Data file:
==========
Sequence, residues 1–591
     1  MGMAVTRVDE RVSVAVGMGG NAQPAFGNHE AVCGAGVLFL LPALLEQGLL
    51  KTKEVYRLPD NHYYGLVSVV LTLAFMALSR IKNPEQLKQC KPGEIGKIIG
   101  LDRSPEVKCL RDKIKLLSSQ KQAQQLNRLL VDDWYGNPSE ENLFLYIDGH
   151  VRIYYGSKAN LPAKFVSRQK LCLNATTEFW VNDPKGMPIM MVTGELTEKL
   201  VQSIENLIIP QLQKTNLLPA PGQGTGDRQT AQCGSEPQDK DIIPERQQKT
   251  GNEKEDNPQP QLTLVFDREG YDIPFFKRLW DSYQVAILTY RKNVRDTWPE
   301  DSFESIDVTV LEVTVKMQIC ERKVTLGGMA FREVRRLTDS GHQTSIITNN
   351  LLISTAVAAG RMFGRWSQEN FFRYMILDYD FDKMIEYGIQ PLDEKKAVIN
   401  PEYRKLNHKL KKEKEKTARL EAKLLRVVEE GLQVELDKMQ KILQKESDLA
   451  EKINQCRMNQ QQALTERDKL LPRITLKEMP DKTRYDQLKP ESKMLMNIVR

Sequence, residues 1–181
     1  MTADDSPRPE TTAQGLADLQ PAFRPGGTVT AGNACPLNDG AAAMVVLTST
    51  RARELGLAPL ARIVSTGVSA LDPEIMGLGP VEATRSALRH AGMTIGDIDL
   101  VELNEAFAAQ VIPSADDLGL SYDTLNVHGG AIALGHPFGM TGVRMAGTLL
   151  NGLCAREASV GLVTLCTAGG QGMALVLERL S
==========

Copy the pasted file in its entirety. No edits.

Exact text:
Sequence, residues 1–591
     1  MGMAVTRVDE RVSVAVGMGG NAQPAFGNHE AVCGAGVLFL LPALLEQGLL
    51  KTKEVYRLPD NHYYGLVSVV LTLAFMALSR IKNPEQLKQC KPGEIGKIIG
   101  LDRSPEVKCL RDKIKLLSSQ KQAQQLNRLL VDDWYGNPSE ENLFLYIDGH
   151  VRIYYGSKAN LPAKFVSRQK LCLNATTEFW VNDPKGMPIM MVTGELTEKL
   201  VQSIENLIIP QLQKTNLLPA PGQGTGDRQT AQCGSEPQDK DIIPERQQKT
   251  GNEKEDNPQP QLTLVFDREG YDIPFFKRLW DSYQVAILTY RKNVRDTWPE
   301  DSFESIDVTV LEVTVKMQIC ERKVTLGGMA FREVRRLTDS GHQTSIITNN
   351  LLISTAVAAG RMFGRWSQEN FFRYMILDYD FDKMIEYGIQ PLDEKKAVIN
   401  PEYRKLNHKL KKEKEKTARL EAKLLRVVEE GLQVELDKMQ KILQKESDLA
   451  EKINQCRMNQ QQALTERDKL LPRITLKEMP DKTRYDQLKP ESKMLMNIVR

Sequence, residues 1–181
     1  MTADDSPRPE TTAQGLADLQ PAFRPGGTVT AGNACPLNDG AAAMVVLTST
    51  RARELGLAPL ARIVSTGVSA LDPEIMGLGP VEATRSALRH AGMTIGDIDL
   101  VELNEAFAAQ VIPSADDLGL SYDTLNVHGG AIALGHPFGM TGVRMAGTLL
   151  NGLCAREASV GLVTLCTAGG QGMALVLERL S